Traumatic amputations are severe damages that can heavily impair animal life and survival. All animals are able to heal minor injuries but only few efficiently face the loss of whole body parts and completely regenerate them. Regeneration is prevented or limited if the initial repair phase is not ensured and highly effective. This is achieved only if different events properly occur, among which wound closure, inflammatory and immune responses, and extracellular matrix remodelling. Echinoderms are one of the best known examples of invertebrates displaying outstanding regenerative abilities. In this research the starfish Echinaster sepositus and the brittle star Amphiura filiformis were used as models to compare the main repair events after arm amputation using both microscopy and molecular tools. A comparison with the healing phenomena of scarcely regenerating models, such as mammals, is discussed as well. Our studies highlighted that the first emergency reactions, namely wound contraction and re-epithelialization, are similar in the two echinoderm species and faster and more effective than in mammals. The immunodetection of a TNF-α-like molecule suggested a possible conservation of this inflammatory pathway between echinoderm classes and within deuterostomes. Considering extracellular matrix remodelling, molecular analyses suggested that the identified collagen genes are not expressed in the new tissues till the beginning of the regenerative phase. This is in agreement with microscopy analyses that showed that collagen deposition is limited and delayed in both echinoderm species and in comparison to mammals. This difference may be relevant to understand why echinoderms subsequently regenerate so efficiently: indeed, abundant and quick scar formation and/or fibrosis in mammals have been suggested as a limiting factor for the regenerative process. Overall, echinoderms showed similar wound closure events, characterized by absence of fibrosis and delayed collagen deposition, and quicker and more efficient than those of mammals. Therefore, also considering their key phylogenetic position, they proved to be valid experimental systems to study the repair processes. Further molecular analyses must be performed to better understand the gene regulatory network and the molecule cross-talk underpinning echinoderms’ repair events and compare them with those of mammals to reveal fundamental similarities and differences between animals able and unable to regenerate.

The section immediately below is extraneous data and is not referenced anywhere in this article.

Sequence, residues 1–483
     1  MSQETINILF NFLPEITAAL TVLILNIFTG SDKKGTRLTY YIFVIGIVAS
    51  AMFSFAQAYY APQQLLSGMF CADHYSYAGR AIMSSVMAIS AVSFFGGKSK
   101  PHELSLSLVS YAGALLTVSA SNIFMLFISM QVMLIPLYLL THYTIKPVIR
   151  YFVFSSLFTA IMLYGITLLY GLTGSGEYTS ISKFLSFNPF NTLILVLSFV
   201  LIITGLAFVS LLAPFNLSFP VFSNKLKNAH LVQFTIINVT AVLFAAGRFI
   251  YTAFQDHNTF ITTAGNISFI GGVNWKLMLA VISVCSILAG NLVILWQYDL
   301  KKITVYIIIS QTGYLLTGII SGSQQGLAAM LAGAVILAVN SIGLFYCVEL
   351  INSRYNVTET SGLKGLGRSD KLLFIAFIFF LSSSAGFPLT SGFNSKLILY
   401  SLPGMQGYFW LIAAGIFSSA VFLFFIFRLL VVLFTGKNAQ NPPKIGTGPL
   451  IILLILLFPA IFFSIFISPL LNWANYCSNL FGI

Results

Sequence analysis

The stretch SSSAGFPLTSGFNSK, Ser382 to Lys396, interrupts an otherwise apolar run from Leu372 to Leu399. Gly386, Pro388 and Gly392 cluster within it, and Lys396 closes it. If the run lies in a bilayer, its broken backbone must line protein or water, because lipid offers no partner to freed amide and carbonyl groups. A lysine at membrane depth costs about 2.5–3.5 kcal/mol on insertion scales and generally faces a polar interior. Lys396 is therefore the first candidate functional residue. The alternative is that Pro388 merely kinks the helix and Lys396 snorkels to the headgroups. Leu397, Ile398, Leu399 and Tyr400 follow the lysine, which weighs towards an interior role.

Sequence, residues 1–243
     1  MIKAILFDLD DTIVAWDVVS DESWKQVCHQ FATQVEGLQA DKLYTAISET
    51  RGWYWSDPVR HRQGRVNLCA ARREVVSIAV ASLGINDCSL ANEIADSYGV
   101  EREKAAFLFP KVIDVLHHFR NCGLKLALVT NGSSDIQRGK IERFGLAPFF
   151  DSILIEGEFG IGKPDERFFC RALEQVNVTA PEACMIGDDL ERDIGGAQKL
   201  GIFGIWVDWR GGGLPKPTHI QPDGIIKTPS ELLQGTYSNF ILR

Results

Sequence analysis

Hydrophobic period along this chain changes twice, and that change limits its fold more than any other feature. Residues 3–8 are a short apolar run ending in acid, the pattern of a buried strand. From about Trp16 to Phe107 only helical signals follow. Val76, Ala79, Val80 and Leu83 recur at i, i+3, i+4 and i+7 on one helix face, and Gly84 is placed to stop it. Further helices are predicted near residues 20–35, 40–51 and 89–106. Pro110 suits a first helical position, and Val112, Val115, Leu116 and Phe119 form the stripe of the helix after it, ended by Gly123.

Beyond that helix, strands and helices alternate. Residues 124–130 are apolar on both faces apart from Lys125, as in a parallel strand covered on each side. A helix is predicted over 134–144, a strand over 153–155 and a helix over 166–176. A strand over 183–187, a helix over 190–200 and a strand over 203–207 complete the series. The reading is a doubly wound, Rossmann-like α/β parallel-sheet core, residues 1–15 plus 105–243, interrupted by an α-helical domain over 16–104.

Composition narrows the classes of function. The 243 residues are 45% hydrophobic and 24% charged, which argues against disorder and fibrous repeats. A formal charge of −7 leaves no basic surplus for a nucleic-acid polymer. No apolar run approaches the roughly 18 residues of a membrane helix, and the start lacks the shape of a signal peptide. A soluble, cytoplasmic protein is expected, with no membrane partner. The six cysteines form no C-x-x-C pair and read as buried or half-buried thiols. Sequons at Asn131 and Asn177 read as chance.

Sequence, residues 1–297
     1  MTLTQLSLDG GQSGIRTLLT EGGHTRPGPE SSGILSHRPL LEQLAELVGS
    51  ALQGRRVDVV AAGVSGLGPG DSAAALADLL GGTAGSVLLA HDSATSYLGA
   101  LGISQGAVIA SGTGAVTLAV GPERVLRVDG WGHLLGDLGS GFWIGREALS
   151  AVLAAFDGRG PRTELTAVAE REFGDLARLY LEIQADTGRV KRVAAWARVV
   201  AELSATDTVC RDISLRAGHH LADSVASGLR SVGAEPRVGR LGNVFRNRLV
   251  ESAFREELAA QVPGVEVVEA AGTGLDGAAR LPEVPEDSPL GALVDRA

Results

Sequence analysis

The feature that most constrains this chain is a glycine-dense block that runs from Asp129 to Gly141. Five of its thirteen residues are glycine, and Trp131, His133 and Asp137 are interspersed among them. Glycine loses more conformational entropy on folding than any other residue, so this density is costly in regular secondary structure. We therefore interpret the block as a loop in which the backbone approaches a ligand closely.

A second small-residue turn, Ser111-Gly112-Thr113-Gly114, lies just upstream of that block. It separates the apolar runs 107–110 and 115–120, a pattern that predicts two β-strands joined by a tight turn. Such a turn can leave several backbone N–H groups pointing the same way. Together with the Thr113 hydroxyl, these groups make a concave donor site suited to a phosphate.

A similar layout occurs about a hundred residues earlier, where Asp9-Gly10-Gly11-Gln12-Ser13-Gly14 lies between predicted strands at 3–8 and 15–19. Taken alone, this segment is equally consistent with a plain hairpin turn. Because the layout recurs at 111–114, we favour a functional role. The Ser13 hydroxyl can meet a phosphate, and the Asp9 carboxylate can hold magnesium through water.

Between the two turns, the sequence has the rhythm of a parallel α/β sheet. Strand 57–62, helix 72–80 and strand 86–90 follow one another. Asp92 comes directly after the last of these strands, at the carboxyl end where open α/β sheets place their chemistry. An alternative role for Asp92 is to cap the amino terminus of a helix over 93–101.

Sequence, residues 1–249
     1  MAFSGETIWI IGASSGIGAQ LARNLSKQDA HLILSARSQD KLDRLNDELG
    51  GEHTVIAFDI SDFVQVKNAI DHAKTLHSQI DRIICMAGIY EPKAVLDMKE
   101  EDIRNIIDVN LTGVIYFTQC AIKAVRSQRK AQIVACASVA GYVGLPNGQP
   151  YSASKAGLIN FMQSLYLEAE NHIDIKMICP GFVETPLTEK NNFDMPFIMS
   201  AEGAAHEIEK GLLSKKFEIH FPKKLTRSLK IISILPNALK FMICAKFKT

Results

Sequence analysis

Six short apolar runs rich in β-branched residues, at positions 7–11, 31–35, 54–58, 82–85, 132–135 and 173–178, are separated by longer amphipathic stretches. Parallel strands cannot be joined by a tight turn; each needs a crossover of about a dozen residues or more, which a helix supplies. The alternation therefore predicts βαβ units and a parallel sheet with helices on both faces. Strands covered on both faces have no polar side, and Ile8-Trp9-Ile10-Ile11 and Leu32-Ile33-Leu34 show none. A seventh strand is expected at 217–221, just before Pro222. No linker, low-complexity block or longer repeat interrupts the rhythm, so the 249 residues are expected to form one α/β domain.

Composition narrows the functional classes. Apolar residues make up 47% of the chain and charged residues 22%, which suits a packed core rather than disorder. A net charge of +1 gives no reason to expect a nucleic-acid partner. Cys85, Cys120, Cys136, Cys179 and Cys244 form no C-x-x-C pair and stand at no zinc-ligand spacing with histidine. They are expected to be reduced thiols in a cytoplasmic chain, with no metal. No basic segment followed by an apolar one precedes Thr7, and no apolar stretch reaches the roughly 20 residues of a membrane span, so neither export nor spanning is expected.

Exploring echinoderm repair events after arm injury / C. Ferrario, Y. Ben Khadra, A. Czarkwiani, A. Zakrzewski, M. Ascagni, F. Bonasoro, M.D. Candia Carnevali, P. Oliveri, M. Sugni. ((Intervento presentato al 2. convegno Joint Meeting of Société Zoologique de France and Unione Zoologica Italiana : the evolution of animal diversity: a comparative approach tenutosi a Torino nel 2017.
|Titolo:||Exploring echinoderm repair events after arm injury|
|Data di pubblicazione:||set-2017|
|Settore Scientifico Disciplinare:||Settore BIO/05 - Zoologia|
|Enti collegati al convegno:||Société Zoologique de France|
Unione Zoologica Italiana
|Citazione:||Exploring echinoderm repair events after arm injury / C. Ferrario, Y. Ben Khadra, A. Czarkwiani, A. Zakrzewski, M. Ascagni, F. Bonasoro, M.D. Candia Carnevali, P. Oliveri, M. Sugni. ((Intervento presentato al 2. convegno Joint Meeting of Société Zoologique de France and Unione Zoologica Italiana : the evolution of animal diversity: a comparative approach tenutosi a Torino nel 2017.|
|Appare nelle tipologie:||14 - Intervento a convegno non pubblicato|